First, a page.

|Cited Patent||Filing date||Publication date||Applicant||Title|
|US3384986 *||Jul 25, 1966||May 28, 1968||James F. Davis||Progressively illuminated sign|
|US4608977 *||Dec 20, 1982||Sep 2, 1986||Brown Russell A||System using computed tomography as for selective body treatment|
|US5056523 *||Nov 22, 1989||Oct 15, 1991||Board Of Regents, The University Of Texas System||Precision breast lesion localizer|
|US5437280 *||Sep 20, 1993||Aug 1, 1995||Hussman; Karl L.||Magnetic resonance breast localizer|
|US5534778 *||Aug 23, 1994||Jul 9, 1996||U.S. Philips Corporation||Magnetic resonance apparatus|
|EP0640842A1 *||Aug 19, 1994||Mar 1, 1995||Philips Electronics N.V.||Magnetic resonance apparatus|
|Citing Patent||Filing date||Publication date||Applicant||Title|
|US6055449 *||Sep 22, 1997||Apr 25, 2000||Siemens Corporate Research, Inc.||Method for localization of a biopsy needle or similar surgical tool in a radiographic image|
|US6097994 *||Sep 30, 1996||Aug 1, 2000||Siemens Corporate Research, Inc.||Apparatus and method for determining the correct insertion depth for a biopsy needle|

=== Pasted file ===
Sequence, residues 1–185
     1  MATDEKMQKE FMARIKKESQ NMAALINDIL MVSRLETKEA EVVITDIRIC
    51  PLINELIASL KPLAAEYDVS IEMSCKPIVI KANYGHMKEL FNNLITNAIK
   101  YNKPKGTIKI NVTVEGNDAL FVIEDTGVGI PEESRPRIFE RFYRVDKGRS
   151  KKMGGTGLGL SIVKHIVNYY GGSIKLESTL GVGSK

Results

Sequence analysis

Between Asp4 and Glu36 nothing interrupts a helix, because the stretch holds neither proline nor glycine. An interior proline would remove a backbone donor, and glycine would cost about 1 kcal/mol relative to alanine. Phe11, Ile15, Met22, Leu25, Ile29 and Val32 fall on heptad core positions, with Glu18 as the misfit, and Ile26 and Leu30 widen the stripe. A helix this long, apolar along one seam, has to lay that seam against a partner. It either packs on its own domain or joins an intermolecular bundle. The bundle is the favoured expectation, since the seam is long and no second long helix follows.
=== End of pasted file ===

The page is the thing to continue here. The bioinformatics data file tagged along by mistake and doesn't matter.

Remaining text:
|US6249713 *||Sep 30, 1996||Jun 19, 2001||Siemens Corporate Research, Inc.||Apparatus and method for automatically positioning a biopsy needle|
|US6537192||Jun 5, 2000||Mar 25, 2003||Mentor Corporation||Automated radioisotope seed loader system for implant needles|
|US6599231||Sep 11, 2000||Jul 29, 2003||Mentor Corporation||Loading clip for radioisotope seeds|
|US6616593||Jun 5, 2000||Sep 9, 2003||Mentor Corporation||Automated radioisotope seed cartridge|
|US6869390||Nov 13, 2001||Mar 22, 2005||Mentor Corporation||Automated implantation system for radioisotope seeds|
|US7245958 *||Sep 30, 1996||Jul 17, 2007||Siemens Corporate Research, Inc.||Trigonometric depth gauge for biopsy needle|